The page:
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The Wingspan

HCPSS’ New Color Code Notification System

Words: Sarah Paz

The Howard County Public School System (HCPSS) is instituting a new color code notification system for school closings. Designed to standardize how the school alerts parents, students, and teachers on emergency and scheduled closings, the system uses five colors to indicate whether HCPSS schools and administrative offices are operational. 

While green represents normal operations, red represents a total shutdown of schools and offices. Orange indicates only the closing of the schools, while administrative offices remain open with liberal leave for employees who can’t report in. Blue indicates schools open two hours late, and yellow means that schools dismiss early. The notification posted will always state the code color and the corresponding message, eliminating memorization of the codes. 

The new color system was put into place on December 1. The emergency notification sources remain the same with the exception of the discontinuation of notifications on HCPSS cable TV. HCPSS will post all status updates concerning whether its schools and offices are operative on a new website, where the new color code system will be used. The new website is

The site updates every day so any stakeholder can easily see if there has been a change in that day’s operating status,” remarked Emily Bahhar, HCPSS Coordinator of Multimedia Communications. 

The new color code system and website are intended to simplify communication of the operational status of HCPSS schools and administrative offices. Bahhar stated that “an analysis of the last five years of emergency notifications found 19 variations of operating statuses. The new system standardizes HCPSS operational status to five possibilities, helping to ensure staff, students, and families understand what a possible closure might entail.” 

Although the purpose of the color coding notification system is intended to clarify all operational statuses, some teachers, parents, and students believe that the development of it was unnecessary for informing the HCPSS community.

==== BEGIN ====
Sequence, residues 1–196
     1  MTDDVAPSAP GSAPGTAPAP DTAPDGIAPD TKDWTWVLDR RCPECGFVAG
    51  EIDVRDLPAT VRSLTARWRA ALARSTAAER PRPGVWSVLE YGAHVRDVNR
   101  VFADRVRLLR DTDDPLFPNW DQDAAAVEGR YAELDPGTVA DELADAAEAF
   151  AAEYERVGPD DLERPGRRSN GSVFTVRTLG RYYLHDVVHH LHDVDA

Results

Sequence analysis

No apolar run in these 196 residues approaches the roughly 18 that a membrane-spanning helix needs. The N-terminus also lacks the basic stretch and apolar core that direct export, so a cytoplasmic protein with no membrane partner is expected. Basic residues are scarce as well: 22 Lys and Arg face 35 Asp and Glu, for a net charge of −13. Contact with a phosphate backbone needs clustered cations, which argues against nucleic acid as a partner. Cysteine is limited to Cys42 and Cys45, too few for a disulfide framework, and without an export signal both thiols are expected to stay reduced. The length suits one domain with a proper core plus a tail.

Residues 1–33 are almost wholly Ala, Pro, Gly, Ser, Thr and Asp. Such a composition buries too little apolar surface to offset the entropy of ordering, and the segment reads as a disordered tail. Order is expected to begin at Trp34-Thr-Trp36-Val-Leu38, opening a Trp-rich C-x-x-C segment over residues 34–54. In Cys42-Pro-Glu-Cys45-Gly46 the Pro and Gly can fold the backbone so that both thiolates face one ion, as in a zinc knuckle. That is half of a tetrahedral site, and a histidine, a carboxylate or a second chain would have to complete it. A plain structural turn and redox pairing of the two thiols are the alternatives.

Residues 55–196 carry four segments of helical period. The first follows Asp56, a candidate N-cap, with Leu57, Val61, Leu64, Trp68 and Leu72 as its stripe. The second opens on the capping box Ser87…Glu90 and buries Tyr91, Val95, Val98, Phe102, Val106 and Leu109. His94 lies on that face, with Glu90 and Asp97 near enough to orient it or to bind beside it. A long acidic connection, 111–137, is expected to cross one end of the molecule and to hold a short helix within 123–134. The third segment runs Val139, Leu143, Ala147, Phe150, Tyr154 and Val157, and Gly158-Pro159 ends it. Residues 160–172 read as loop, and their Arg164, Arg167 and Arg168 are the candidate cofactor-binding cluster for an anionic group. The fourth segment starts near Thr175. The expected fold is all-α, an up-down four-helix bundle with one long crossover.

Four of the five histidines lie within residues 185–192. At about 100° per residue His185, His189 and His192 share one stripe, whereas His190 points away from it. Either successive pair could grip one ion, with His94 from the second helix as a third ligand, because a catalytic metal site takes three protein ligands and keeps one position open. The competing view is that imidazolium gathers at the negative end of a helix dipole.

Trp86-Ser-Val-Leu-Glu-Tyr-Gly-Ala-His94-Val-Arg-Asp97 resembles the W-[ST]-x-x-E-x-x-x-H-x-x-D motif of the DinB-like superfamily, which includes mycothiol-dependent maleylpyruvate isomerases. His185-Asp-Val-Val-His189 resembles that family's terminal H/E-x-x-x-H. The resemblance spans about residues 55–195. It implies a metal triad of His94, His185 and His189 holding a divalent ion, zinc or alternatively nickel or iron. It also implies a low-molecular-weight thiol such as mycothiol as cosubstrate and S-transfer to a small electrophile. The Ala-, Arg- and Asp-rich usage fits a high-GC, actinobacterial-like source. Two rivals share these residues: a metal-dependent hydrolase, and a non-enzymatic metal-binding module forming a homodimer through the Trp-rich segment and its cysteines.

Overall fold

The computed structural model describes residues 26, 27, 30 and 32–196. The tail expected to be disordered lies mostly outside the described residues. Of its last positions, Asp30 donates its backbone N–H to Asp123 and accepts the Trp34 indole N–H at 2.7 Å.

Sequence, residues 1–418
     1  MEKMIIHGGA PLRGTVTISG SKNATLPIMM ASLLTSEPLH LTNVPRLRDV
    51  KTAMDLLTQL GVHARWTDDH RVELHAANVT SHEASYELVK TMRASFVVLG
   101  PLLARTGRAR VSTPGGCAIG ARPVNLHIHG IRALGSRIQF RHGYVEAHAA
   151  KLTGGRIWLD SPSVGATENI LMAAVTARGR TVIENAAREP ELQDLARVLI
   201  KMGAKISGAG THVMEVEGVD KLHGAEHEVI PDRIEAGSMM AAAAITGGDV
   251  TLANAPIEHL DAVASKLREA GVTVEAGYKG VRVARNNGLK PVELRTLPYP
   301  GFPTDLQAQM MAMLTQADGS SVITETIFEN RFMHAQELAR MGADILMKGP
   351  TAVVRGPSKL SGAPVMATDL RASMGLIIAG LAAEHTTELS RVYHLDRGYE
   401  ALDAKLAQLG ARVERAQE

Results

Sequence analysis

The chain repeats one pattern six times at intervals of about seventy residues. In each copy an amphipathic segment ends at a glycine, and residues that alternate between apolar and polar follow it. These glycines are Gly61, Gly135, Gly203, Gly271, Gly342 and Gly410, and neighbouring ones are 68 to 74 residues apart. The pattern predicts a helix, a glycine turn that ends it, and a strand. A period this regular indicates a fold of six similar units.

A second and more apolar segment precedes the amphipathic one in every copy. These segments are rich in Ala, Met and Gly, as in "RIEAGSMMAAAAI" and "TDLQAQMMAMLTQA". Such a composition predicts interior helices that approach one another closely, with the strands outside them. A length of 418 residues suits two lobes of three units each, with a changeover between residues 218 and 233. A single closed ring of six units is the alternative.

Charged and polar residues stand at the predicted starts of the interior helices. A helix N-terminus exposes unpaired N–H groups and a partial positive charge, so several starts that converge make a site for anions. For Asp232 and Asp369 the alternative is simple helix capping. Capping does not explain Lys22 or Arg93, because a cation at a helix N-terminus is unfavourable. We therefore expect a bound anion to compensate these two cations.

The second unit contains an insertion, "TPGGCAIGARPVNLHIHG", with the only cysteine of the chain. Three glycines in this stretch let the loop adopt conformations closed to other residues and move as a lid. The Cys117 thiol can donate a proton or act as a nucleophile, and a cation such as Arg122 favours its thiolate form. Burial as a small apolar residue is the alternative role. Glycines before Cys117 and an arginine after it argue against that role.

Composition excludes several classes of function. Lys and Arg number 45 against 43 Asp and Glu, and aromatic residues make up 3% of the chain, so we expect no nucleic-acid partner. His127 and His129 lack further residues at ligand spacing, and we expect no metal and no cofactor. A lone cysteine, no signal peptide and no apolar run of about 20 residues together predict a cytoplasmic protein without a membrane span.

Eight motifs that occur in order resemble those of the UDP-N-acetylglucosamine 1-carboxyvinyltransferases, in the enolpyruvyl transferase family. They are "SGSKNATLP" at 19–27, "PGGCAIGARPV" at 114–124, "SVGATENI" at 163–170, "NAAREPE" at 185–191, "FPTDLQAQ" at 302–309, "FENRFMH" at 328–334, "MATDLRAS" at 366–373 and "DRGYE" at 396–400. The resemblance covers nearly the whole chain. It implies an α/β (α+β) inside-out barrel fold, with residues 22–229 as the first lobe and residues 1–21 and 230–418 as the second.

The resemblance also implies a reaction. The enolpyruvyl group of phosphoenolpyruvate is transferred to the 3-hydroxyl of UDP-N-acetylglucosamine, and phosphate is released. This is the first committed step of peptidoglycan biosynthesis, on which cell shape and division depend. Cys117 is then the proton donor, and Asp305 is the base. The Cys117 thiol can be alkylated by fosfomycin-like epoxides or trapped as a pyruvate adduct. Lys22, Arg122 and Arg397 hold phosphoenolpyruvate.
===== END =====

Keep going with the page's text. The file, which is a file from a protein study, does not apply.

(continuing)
Chad Hollwedel, Centennial physics teacher and a parent to a child who attends an HCPSS school, believes “that the new system does nothing to help… [him] understand beyond the words of the old system.” He believes that “the old system was sufficient.” 

While many students were unaware of the changes being made by Howard County, there are students who believe that the new color-coding system answers an unimportant problem in the communication of HCPSS.

Grace Chan, a Centennial junior, believes that “the color-code system is unnecessary for students.”

Despite these sentiments, the system is beneficial for employees at the HCPSS administrative offices. Holly Pascuillo, a Centennial English teacher, stated that even though “it is superfluous for me [as a teacher] because I receive text alerts, I believe the new coding system is necessary for members in the central office, for whom the situation is more unclear.” 

The previous system often sent obscure messages to administrative workers, so the new system aims to improve communication within the school system. 

Bahhar clarified, “in prior years, messaging to staff included only information for employees with union bargaining agreements and [created] a great deal of confusion for the remaining staff. The new system includes all employee groups, providing consistency and a clear direction for all staff. The language also was edited to be more clear and concise, and adheres to the negotiated bargaining agreements, where relevant.”


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